Here are some more intents that add extra data to specify the desired action:

Send an email with an attachment

Kotlin

Intent(Intent.ACTION_SEND).apply {
    // The intent does not have a URI, so declare the "text/plain" MIME type
    type = HTTP.PLAIN_TEXT_TYPE
    putExtra(Intent.EXTRA_EMAIL, arrayOf("jan@example.com")) // recipients
    putExtra(Intent.EXTRA_SUBJECT, "Email subject")
    putExtra(Intent.EXTRA_TEXT, "Email message text")
    putExtra(Intent.EXTRA_STREAM, Uri.parse("content://path/to/email/attachment"))
    // You can also attach multiple items by passing an ArrayList of Uris
}

Java

Intent emailIntent = new Intent(Intent.ACTION_SEND);
// The intent does not have a URI, so declare the "text/plain" MIME type
emailIntent.setType(HTTP.PLAIN_TEXT_TYPE);
emailIntent.putExtra(Intent.EXTRA_EMAIL, new String[] {"jan@example.com"}); // recipients
emailIntent.putExtra(Intent.EXTRA_SUBJECT, "Email subject");
emailIntent.putExtra(Intent.EXTRA_TEXT, "Email message text");
emailIntent.putExtra(Intent.EXTRA_STREAM, Uri.parse("content://path/to/email/attachment"));
// You can also attach multiple items by passing an ArrayList of Uris

Create a calendar event

Note: This intent for a calendar event is supported only with API level 14 and higher.

Kotlin

// Event is on January 23, 2021 -- from 7:30 AM to 10:30 AM.
Intent(Intent.ACTION_INSERT, Events.CONTENT_URI).apply {
    val beginTime: Calendar = Calendar.getInstance().apply {
        set(2021, 0, 23, 7, 30)
    }
    val endTime = Calendar.getInstance().apply {
        set(2021, 0, 23, 10, 30)
    }
    putExtra(CalendarContract.EXTRA_EVENT_BEGIN_TIME, beginTime.timeInMillis)
    putExtra(CalendarContract.EXTRA_EVENT_END_TIME, endTime.timeInMillis)
    putExtra(Events.TITLE, "Ninja class")
    putExtra(Events.EVENT_LOCATION, "Secret dojo")
}

Java

// Event is on January 23, 2021 -- from 7:30 AM to 10:30 AM.
Intent calendarIntent = new Intent(Intent.ACTION_INSERT, Events.CONTENT_URI);
Calendar beginTime = Calendar.getInstance();
beginTime.set(2021, 0, 23, 7, 30);
Calendar endTime = Calendar.getInstance();
endTime.set(2021, 0, 23, 10, 30);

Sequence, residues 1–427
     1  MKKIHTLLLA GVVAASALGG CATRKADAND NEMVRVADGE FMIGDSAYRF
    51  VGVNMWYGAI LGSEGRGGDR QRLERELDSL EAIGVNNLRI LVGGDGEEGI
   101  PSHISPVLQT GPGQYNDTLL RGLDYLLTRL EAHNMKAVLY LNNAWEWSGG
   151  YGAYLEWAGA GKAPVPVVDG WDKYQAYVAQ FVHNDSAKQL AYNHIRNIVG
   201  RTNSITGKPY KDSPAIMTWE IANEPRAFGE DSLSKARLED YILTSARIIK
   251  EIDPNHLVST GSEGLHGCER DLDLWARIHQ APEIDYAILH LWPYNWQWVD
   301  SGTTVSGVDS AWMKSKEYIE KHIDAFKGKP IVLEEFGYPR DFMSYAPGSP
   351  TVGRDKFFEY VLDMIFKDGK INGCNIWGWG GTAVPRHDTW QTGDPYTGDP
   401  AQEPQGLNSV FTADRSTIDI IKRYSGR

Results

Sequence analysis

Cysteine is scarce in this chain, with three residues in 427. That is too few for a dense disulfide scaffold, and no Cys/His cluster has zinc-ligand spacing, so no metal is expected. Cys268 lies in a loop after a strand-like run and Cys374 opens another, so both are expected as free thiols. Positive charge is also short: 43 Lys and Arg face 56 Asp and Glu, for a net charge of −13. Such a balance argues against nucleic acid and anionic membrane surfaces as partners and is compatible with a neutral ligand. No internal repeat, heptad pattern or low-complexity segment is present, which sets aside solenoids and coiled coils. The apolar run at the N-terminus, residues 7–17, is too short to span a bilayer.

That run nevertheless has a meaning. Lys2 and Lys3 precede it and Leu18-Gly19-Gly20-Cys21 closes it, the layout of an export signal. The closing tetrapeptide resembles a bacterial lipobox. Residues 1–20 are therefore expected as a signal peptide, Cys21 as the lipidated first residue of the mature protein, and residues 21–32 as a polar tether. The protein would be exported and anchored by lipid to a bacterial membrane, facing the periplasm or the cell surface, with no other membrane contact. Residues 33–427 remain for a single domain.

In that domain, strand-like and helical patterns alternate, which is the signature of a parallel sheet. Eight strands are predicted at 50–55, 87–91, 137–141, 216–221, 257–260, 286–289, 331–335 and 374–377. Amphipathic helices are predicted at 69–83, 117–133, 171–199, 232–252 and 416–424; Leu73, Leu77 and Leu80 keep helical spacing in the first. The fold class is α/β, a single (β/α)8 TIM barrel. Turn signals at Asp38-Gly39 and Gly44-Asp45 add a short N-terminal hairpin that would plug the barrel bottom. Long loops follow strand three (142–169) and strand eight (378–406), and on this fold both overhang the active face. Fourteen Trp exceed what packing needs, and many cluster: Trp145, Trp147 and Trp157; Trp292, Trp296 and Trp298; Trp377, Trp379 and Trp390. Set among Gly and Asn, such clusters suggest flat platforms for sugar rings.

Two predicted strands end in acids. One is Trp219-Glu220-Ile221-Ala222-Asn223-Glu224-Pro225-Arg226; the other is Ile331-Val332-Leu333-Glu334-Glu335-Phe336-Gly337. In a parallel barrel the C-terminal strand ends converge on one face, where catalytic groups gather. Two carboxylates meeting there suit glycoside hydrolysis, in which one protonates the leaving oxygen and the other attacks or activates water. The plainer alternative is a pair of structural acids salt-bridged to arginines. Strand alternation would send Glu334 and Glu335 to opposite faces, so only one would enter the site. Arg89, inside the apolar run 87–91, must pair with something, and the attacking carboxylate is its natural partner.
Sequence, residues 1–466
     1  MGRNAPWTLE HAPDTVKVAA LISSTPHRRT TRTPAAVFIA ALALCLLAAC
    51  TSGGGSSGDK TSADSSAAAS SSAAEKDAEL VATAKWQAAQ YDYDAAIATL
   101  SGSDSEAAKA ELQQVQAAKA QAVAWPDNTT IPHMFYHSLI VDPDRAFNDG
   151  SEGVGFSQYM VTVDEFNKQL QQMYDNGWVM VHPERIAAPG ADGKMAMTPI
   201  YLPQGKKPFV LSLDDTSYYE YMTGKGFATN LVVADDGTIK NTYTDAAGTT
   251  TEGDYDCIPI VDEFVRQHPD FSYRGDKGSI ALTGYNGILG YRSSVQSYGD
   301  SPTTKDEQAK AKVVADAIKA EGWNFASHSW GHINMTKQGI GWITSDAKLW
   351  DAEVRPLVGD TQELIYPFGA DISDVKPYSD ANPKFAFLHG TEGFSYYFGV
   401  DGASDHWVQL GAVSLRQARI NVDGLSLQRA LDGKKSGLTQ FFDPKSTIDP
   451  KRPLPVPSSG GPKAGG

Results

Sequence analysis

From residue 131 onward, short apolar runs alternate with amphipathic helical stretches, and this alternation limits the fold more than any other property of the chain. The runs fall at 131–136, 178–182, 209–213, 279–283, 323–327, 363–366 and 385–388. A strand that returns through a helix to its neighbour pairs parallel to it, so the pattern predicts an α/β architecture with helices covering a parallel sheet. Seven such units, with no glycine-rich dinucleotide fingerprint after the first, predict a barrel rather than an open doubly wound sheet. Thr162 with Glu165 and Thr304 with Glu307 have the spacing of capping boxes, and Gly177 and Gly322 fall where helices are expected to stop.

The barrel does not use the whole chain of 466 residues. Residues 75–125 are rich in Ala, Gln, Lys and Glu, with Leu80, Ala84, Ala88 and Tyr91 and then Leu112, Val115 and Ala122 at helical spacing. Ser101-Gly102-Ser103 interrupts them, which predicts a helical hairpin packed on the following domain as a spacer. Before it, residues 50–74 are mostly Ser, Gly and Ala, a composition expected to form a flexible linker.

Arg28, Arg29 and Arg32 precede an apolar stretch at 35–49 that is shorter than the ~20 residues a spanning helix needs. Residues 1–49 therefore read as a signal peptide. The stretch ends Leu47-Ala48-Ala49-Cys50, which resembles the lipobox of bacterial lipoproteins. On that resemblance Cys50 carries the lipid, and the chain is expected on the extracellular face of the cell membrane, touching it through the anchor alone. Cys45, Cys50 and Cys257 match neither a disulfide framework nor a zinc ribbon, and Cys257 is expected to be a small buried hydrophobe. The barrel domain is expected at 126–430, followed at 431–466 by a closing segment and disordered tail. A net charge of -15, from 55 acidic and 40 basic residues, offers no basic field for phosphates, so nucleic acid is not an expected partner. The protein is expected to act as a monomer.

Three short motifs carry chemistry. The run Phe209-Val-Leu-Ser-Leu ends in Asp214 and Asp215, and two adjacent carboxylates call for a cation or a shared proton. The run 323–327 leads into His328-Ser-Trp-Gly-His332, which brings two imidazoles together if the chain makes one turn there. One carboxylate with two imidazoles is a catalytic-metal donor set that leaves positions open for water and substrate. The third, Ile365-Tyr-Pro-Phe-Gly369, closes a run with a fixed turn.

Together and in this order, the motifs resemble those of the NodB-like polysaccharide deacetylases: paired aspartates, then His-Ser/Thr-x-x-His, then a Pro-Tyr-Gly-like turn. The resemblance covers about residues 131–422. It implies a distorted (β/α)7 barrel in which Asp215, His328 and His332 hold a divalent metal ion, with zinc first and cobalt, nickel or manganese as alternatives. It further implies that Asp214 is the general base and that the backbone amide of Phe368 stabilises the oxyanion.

calendarIntent.putExtra(CalendarContract.EXTRA_EVENT_BEGIN_TIME, beginTime.getTimeInMillis());
calendarIntent.putExtra(CalendarContract.EXTRA_EVENT_END_TIME, endTime.getTimeInMillis());
calendarIntent.putExtra(Events.TITLE, "Ninja class");
calendarIntent.putExtra(Events.EVENT_LOCATION, "Secret dojo");

Note: It's important that you define your Intent to be as specific as possible. For example, if you want to display an image using the ACTION_VIEW intent, you should specify a MIME type of image/*. This prevents apps that can "view" other types of data (like a map app) from being triggered by the intent.

Start an activity with the intent

Once you have created your Intent and set the extra info, call startActivity() to send it to the system:

Kotlin

startActivity(intent)

Java

startActivity(intent);

Handle the situation where no app can receive an intent

Although many intents are successfully handled by another app that's installed on the device—such as a phone, email, or calendar app—your app should prepare for the situation where no activity can handle your app's intent. Whenever you invoke an intent, be ready to catch an ActivityNotFoundException, which occurs if there's no other activity that can handle your app's intent:

Kotlin

try {
    startActivity(intent)
} catch (e: ActivityNotFoundException) {
    // Define what your app should do if no activity can handle the intent.
}

Java

try {
    startActivity(intent);
} catch (ActivityNotFoundException e) {
    // Define what your app should do if no activity can handle the intent.
}